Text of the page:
How much do your employees collect in unemployment insurance each year?

Brian Gill said...

I'm not sure of the benefit amounts, but I know that the benefits they receive are more than the amount in taxes that the company pays.

In other words, other businesses subsidize our business in the terms that they may pay more in taxes than their employees receive in benefits, whereas we are the opposite.

Now, of course, I'm happy that we don't pay the full amount. I'm not trying to advocate that we pay more; rather, that the benefit structure be reexamined.

Because we are a seasonal business, our employees always collect unemployment and we always pay the maximum rate. Teachers cannot collect unemployment, but our workers on an exact teachers' schedule can collect. Bus drivers employed by the county cannot collect unemployment, but their counterparts working for private bus companies can collect. The idea of a 'spontaneous safety net' is now a 'planned hammock', and rather than the government treating private companies how they treat their own employees, they apply a different standard that results in a huge competitive disadvantage. If these reforms are addressed; if the government gets out of the way, people like me can do what we do and create jobs.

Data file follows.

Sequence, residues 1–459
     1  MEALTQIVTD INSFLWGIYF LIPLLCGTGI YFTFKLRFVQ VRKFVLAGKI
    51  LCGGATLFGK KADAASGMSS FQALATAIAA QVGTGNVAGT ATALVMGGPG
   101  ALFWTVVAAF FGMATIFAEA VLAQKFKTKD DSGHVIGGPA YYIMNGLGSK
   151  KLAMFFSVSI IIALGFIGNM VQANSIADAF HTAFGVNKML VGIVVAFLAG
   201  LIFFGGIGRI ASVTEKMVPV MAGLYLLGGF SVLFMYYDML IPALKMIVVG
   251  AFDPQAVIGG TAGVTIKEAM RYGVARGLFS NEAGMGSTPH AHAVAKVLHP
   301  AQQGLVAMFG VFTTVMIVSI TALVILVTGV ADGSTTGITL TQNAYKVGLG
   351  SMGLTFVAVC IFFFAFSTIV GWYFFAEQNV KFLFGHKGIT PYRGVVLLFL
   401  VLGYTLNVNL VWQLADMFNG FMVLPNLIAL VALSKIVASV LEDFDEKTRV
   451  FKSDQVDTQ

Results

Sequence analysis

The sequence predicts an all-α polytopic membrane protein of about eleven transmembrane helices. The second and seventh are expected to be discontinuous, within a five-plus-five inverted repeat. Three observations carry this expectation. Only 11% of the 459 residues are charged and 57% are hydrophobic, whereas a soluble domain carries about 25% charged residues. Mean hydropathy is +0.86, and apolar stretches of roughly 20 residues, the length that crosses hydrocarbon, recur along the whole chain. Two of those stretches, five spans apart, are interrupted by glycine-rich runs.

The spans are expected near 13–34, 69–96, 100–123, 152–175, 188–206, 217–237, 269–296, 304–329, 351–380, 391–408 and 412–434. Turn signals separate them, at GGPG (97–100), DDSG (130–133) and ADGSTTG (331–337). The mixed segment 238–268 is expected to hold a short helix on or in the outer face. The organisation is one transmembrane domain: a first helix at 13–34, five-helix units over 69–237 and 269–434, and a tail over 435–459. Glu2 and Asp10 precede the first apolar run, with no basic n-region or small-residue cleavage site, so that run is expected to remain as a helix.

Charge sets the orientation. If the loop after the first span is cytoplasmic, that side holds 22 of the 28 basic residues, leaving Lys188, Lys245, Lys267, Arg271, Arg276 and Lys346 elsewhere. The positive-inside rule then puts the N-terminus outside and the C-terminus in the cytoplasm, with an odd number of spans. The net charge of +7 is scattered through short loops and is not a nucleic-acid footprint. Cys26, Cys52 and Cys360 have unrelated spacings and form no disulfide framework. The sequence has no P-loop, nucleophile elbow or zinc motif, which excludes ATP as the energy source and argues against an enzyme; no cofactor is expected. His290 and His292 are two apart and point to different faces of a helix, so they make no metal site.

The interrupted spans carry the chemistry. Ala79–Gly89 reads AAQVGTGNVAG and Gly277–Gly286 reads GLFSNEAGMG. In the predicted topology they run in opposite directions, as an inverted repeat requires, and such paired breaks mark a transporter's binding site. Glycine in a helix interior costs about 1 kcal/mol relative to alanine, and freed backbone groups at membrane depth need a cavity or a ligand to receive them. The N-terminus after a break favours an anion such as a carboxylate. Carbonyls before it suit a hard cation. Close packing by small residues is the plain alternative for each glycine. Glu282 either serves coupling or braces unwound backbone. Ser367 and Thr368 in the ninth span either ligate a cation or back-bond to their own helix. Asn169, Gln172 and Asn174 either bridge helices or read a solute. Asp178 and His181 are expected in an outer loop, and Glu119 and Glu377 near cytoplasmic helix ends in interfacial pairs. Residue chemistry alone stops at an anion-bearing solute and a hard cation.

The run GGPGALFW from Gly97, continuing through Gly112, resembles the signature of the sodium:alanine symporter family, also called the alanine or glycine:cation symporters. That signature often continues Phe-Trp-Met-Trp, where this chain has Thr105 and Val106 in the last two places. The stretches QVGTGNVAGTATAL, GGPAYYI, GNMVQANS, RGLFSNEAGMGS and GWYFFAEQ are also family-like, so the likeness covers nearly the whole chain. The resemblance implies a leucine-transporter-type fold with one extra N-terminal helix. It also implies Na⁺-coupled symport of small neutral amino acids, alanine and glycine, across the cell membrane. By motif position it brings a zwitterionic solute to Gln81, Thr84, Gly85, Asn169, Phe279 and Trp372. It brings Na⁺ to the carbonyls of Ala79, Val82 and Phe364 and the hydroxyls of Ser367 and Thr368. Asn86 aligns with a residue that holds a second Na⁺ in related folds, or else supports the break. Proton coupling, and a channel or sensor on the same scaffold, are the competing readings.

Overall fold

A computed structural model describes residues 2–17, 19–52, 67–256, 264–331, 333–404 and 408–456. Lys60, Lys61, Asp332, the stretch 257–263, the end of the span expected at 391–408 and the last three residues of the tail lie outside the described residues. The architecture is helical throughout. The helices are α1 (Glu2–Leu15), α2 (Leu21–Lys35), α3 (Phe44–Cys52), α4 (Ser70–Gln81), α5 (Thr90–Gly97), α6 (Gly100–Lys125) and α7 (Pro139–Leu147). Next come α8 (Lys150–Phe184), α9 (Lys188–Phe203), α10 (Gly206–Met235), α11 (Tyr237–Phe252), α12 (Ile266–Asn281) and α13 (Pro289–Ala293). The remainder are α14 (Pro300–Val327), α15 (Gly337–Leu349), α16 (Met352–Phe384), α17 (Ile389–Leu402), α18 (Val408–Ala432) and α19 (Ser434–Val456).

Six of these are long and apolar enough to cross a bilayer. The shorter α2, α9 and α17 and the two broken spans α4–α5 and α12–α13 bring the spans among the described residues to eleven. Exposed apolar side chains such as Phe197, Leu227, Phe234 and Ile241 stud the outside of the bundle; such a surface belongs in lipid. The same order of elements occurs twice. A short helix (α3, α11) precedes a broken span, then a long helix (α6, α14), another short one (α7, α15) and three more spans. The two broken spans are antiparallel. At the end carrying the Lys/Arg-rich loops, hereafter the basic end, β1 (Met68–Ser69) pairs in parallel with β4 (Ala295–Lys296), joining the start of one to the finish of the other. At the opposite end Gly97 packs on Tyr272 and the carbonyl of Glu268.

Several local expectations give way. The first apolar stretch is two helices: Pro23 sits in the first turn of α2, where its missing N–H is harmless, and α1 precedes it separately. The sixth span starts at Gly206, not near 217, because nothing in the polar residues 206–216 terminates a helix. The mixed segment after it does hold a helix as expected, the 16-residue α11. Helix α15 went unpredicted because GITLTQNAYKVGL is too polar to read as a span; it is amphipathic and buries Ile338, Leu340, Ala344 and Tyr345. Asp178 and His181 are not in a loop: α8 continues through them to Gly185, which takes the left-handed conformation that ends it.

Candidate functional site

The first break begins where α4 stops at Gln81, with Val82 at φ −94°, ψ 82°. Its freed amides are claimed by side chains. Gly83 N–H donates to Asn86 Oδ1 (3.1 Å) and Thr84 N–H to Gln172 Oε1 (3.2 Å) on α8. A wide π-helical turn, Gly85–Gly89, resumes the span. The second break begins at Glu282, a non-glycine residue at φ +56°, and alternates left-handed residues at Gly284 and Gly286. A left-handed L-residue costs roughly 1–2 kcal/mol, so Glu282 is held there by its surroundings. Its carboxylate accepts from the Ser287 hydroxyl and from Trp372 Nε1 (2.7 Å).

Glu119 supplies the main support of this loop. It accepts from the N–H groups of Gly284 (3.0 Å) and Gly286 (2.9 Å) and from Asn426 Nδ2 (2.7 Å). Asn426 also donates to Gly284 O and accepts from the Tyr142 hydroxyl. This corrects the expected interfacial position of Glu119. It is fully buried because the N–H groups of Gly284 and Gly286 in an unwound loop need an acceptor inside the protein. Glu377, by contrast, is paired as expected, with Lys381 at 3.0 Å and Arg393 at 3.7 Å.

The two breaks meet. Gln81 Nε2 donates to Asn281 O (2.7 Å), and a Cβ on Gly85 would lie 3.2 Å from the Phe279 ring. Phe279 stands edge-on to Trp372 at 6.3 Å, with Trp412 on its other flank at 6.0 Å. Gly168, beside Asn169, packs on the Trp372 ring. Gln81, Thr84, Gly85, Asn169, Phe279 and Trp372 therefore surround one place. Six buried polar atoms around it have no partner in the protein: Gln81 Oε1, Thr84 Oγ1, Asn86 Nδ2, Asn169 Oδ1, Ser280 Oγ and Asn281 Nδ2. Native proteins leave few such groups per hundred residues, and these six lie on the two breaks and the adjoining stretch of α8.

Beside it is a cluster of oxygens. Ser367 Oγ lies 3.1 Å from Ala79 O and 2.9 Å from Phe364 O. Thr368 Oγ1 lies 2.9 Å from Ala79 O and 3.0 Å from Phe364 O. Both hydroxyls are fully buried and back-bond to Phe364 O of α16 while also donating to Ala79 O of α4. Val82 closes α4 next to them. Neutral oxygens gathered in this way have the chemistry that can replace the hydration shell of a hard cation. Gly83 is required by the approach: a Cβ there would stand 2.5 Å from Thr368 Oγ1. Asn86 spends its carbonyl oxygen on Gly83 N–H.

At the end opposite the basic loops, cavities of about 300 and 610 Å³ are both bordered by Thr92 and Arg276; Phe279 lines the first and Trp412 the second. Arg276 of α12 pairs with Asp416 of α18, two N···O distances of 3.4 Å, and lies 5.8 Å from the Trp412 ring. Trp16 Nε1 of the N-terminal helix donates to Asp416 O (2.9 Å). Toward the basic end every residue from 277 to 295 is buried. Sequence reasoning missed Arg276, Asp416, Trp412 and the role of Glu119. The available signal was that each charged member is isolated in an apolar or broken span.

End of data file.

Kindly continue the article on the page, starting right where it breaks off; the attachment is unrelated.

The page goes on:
Anonymous said...

"In other words, other businesses subsidize our business in the terms that they may pay more in taxes than their employees receive in benefits, whereas we are the opposite."

And that seems to be the problem. Your employees need to get off the dole when they've been laid off for the season.

Brian Gill said...

Yes that's exactly it. The letter from DLLR cites an increase in "demand":

"While Maryland's trust fund has been able to weather the economic storm better than the funds in many states, as of September 30th its balance fell to $301.7 million, down from $895 million a year earlier. The reason for the decrease is straightforward: we have seen unprecedented demand on the Trust Fund."

I hate the use of the word 'demand' because it implies a free market service. There is nothing free market about taxes. The reason that "demand" for unemployment benefits has increased (outside of the general economy) is that Maryland has allowed more people to qualify for benefits:

The incentive needs to be changed to encourage people to 'get off the dole' rather than get something for nothing.